On Nov 12, 2011, at 7:33 PM, Srikanth Lakshmanan wrote:
> On Sat, Nov 12, 2011 at 18:56, Hisham <hmun...@wikimedia.org> wrote:
> That's not accurate.  The dates are as follows:  It was concluded in all but 
> 1 class of Symbiosis School of Economics a few weeks ago (because the 
> assignements were concluded.)  It continues in 1 class at this college and at 
> 1 class at the SNDT Women's University.  We asked College of Engineering Pune 
> to stop the program in their classrooms last week.  It is still being 
> continued at this college by 1 professor nevertheless.
> Probably the same could have been highlighted enough at Signpost. The 
> signpost heading conveys its closed down. 

We had requested Signpost to amend it's heading.
> At none of the colleges did we push this through the top management.  
> Well I cant help point CoEP where the director was much excited about the 
> program and without his push directly / indirectly, I wonder if 800+ students 
> would have voluntarily signed up. I will never agree if anyone says 800+ 
> students voluntarily asked/agreed for Wikipedia assignments without staff / 
> whoever else asking them to do so.

True. However, even at CoEP, faculty were at liberty  not to join the program 
(and indeed, most of them chose not to.)  However, the point made on the 
learnings ought to be taken in conjunction with that of faculty involvement.  
Director buy-in is important but can only compliment and not substitute for 
faculty involvement and capability.    In the classes where we have got better 
results than in others, this played a critical role.

> I didn't get the comment on even and odd semesters
> Well it was my suggestion/opinion if you are planning next roll out in Jan. 
> Odd semesters in Indian colleges are longer ones July- Dec typically and give 
> time for students / staff to do extra things. Even semesters are shorter 
> Jan-May (April in many cases) so the duration for anything in colleges are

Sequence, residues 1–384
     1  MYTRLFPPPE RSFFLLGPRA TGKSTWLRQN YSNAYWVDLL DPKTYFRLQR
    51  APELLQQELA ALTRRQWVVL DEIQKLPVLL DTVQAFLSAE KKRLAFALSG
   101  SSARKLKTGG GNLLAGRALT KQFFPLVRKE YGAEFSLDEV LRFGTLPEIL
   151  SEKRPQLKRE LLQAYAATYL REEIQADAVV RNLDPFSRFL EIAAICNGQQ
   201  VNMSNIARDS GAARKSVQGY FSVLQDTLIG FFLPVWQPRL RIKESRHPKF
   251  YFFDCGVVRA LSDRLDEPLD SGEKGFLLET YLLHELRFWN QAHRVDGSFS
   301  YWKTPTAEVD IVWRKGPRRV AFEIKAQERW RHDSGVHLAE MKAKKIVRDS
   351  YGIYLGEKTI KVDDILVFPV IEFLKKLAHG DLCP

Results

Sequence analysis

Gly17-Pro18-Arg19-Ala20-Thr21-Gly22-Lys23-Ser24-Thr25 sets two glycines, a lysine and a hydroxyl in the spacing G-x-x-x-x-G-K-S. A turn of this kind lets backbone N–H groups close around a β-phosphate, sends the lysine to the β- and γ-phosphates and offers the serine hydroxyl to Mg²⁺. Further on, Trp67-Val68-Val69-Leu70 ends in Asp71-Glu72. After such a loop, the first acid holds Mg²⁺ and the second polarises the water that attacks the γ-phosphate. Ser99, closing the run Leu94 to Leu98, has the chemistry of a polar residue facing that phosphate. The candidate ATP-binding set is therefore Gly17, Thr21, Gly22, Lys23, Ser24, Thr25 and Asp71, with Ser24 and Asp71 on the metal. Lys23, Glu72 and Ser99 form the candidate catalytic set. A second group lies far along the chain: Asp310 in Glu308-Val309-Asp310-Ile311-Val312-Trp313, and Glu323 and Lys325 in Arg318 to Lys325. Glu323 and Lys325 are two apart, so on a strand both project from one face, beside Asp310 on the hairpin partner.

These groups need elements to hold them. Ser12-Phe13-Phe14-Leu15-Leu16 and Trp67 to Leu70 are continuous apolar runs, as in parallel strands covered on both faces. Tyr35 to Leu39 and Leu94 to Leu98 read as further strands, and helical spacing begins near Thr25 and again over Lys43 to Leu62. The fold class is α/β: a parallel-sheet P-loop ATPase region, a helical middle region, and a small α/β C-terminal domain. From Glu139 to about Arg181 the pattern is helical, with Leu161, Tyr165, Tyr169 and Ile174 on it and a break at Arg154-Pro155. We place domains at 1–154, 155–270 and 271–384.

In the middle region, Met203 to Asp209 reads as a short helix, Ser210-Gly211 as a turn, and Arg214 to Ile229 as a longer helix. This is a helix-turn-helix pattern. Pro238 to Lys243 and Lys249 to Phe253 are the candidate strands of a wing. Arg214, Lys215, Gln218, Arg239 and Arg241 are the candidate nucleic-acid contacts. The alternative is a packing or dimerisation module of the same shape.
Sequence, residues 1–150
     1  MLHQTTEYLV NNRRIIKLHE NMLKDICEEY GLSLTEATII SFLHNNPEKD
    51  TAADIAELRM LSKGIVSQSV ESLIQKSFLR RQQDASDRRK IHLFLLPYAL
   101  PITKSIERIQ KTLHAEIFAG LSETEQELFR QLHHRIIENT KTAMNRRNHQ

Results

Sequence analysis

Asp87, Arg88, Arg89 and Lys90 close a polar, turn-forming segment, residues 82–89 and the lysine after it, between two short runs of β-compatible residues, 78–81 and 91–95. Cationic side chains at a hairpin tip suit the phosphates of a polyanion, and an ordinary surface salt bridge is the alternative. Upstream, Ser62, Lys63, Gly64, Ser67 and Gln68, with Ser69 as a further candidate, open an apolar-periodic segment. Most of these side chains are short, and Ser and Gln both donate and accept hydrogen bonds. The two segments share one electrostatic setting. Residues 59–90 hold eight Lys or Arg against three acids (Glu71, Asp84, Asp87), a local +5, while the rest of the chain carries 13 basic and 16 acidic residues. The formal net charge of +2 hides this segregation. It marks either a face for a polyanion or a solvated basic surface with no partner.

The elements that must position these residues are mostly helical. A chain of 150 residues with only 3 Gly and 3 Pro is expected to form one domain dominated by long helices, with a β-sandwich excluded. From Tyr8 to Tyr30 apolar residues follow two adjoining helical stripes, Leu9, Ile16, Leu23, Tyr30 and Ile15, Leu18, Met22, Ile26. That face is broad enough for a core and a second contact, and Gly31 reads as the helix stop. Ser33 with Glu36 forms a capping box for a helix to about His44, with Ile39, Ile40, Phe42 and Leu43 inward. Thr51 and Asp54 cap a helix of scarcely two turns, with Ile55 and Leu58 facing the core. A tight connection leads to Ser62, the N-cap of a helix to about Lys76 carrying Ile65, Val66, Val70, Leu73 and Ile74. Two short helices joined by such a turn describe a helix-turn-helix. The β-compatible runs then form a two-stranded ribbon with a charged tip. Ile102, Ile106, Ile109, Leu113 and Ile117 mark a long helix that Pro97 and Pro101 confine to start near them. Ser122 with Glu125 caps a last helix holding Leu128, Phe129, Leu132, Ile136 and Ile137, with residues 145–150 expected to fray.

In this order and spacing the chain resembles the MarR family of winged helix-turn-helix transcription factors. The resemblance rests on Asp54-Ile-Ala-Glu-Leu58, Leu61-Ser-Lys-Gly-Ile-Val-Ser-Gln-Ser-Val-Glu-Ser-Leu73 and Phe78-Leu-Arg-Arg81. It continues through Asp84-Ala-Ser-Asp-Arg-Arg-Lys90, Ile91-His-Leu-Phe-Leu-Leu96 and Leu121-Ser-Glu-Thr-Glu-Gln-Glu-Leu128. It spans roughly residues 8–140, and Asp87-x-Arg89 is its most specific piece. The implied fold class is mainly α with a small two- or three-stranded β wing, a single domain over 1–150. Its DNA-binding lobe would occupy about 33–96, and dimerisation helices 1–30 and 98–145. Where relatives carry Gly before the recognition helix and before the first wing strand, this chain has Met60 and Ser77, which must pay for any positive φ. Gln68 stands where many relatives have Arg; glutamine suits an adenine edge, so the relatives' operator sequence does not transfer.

> limited in even sem. This is the reason why you will find most 
> extra-curriculars happening in odd-sem. I am not sure if we did a time audit 
> of the pilot, but it took very late to have students start editing and they 
> were stopped almost in 2-3 weeks. We may not have that much time to engage 
> with students / faculty on even semesters. 

Ah, understood.  That's an interesting and great point.

>> It is good to have CAs who have reasonable experience in editing wikipedia.
> Fully agree.  Having said that, given the relatively small community size in 
> India, and the amount of face-to-face class time that Campus Ambassadors need 
> to put in, there will be a number of CAs who will be newbies.  We must 
> however amend our selection and training criteria for them going forward.
> I would say make CAs as wikipedians with atleast 500+ edits on en.wiki to 
> give them a flavor of complexities in enwiki before they help out others. In 
> other words, start early on CA's get more commitment early on, that before 
> they go ahead and preach("teach") they practice("edit") enough.  

I don't think anyone would suggest that CAs shouldn't edit more or understand 
Wikipedia policies better.  Having said that, the experience in the US 
suggested that newbie CAs were as good as (and sometimes even better) than 
existing Wikipedians in the role of CAs.  (They hypothesis on this is that they 
were helping teach Wikipedia to newbies - so they were able to calibrate and 
structure their messaging accordingly.)  As I said a sentence earlier, we do 
need to modify our selection, training and ongoing development regime for CAs - 
but edit count alone might not be the only measure (though an important one.)


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